Puerto Rico Addresses
A physical address describes where a person, business, or lot is physically located, not necessarily where mail is received.
Puerto Rico does not have a systematic or logical addressing process for physical addresses, most places relay only on mailing rural routes (highway contracts and boxes).
Physical addresses are a fundamental part of the operation of any country. Its indispensable for the delivery of government and business services and crucial for emergency services.
The lack of a proper addressing system has created a lot of obstacles that hurt our economy, the quality of services and create an unfavorable impression on visitors. The ever increasing use of technology has aggravated the problem. Our use of smartphones, e-comerce and the implementation of E-911 and Internet Telephony requires a systematic addressing.
The purpose of this project is to help document physical addresses and provide street address markers to help navigation and as a general data source. We hope this project will help create a systematic addressing process in Puerto Rico's municipalities. That we can make address location simpler for people and businesses, and that we can help project a positive and progressive image for Puerto Rico.
Home and locations addresses vary. Some are quite descriptive for example "Calle Betances, Esquina Calle Colon". Some residential developments have good street names and use a sequential house numbering. Other addresses use the distante from the start of a street.
Many addresses use the distance from the start of a street (origin).
Issues with this practice:
- Most of the technology including GPS and others are built thinking on the US Standard measurements based on miles instead of kilometers. Cars sold in PR are build to measure miles.
- While roads have kilometers and hectometers markers, there are many problems with these markers. Many roads and segments of roads do not have these markers. The condition of these markers may not be legible. Their location or poor road maintenance (eg: tall grass) may hide them from view.
The implementation of E-911 establishes a structured number-street address scheme common with US addresses, that is not compatible with many of the physical address schemes currently used.
Our road data is poor. Many roads lack identification (number or name). We have a lot of duplicate street names and unnecessary name changes.
Most of the road information available is provided from limited sources. We see this when we use GPS and map applications in our smartphone. In the case of OpenStreet Maps is mainly data from TIGER (Topologically Integrated Geographic Encoding and Referencing system) (US Census Bureau). This data while it is good it has a lot of errors.
Task: Fix Road Information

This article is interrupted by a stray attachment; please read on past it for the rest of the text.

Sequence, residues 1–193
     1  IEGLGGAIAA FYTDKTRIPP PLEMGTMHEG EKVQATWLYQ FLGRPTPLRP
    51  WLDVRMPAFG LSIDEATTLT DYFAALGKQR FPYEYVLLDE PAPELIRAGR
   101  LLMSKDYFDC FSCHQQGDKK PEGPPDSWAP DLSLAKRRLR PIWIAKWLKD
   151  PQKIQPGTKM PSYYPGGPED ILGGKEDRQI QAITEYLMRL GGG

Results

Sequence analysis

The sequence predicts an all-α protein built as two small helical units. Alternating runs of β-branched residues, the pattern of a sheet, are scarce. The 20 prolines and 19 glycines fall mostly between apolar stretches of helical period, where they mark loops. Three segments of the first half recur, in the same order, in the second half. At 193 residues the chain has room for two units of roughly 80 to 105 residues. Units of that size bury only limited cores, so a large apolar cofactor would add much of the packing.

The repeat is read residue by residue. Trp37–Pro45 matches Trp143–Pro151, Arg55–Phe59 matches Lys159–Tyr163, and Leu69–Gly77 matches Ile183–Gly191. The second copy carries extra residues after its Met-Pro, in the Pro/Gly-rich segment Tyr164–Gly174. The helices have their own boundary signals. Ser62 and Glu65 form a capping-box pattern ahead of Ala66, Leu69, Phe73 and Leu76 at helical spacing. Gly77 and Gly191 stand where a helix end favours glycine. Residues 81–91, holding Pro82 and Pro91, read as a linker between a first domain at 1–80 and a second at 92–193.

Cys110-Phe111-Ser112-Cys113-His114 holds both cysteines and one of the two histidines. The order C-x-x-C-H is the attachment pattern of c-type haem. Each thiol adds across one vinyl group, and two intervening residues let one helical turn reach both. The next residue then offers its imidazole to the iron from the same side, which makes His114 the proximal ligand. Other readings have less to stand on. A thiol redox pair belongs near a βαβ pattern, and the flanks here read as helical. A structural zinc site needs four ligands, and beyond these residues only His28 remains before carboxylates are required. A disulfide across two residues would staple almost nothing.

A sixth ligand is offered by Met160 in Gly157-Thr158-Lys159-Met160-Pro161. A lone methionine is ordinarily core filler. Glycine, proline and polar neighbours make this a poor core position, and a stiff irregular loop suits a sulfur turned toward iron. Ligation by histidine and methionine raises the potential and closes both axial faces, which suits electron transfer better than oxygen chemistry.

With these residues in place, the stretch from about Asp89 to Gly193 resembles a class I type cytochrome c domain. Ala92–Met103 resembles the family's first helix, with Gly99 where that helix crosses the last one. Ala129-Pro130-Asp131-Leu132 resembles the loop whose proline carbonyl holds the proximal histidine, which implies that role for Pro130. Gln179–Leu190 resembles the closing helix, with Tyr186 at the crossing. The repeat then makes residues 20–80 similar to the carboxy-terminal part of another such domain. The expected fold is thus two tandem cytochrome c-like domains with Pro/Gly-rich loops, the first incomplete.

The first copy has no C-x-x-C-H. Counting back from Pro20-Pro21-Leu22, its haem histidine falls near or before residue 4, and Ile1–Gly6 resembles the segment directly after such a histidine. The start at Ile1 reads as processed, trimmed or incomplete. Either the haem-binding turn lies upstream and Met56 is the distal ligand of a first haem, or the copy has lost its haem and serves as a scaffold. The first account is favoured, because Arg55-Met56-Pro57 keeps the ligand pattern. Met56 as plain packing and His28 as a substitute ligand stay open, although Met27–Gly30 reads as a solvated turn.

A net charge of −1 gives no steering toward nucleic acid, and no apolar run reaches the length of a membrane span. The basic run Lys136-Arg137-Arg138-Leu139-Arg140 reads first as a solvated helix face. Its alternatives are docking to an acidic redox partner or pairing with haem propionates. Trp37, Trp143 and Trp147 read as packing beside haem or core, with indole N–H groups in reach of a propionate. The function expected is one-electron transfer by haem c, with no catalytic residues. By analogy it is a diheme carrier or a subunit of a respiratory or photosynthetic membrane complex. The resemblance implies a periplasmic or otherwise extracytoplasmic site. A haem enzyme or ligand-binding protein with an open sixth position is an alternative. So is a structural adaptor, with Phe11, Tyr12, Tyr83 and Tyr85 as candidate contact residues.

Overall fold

In order to add address nodes in OSM we need to have a reliable source of road information as such It is a priority to fix road information in OSM. This mean adding missing roads, adding road names and numbers, ensuring roads segments properly identify the beginning and end of a road.
Roads are more problematic in residential an rural locations.
HELPING OUT: When working on OSM and you identify a road that has no name or number add the tag
pr:noname. The value for this tag is the name of the "Barrio", "Urbanizacion" or nearest location. If the road connects to another road that has a name or number, add the number following a semi-colon. Examples:
pr:noname=Bo Cuchillas or
Notes: city-style addresses
A city-style address has a structure number, a street name and a 5-digit ZIP code.
Even numbers on the right and odd numbers on the left.
TIGER Address Ranges County-based Relationship File Record Layout:
- FROMHN=From house number
- TOHN=To house number
- SIDE=side indicator flag
- ZIP=5-digit ZIP code
Notes: Street naming
From Emery County :
"Assigning street names is not the most complex part of addressing; but in practice, the task may appear deceptively simple. The importance of carefully reviewing new street proposals and understanding their placement in the context of the county road system is fundamental to an efficient and effective addressing program and cannot be overemphasized.
Problems in assigning street names become manifest as new development occurs and as existing streets are rerouted or intersect with new streets. As an area grows, a lack of county-wide coordination and inadequate control and review mechanisms inevitably result in continuous roads changing names several times, numbering becoming non-sequential, and/or street names being duplicated."
From APA (American Planning Association, formerly ASPO) :
No duplication of names or numbers. It is preferable not to have differentiation by a suffix "street" or "avenue." For example, "Washington Street" and "Washington Avenue" can too easily be confused, since o en "avenue" and "street" are synonymous in the public mind. In some communities "place" is used to indicate a minor street closely associated with a major street — for example, "St. Anne Place" might be located a half block from "St. Anne Street." The suffix differentiation "place" is more defensible than the former example, since "place" generally connotes a subsidiary street, and because it more unusual that the ordinary suffixes, "street" and "avenue."
Continuation of a street name. A street should have one name only and should have the same name throughout its entire length. If the street is not a through street but is broken by intervening land uses and is laid out in substantially the same location at a more distant point, the same name should be used on all of the "links."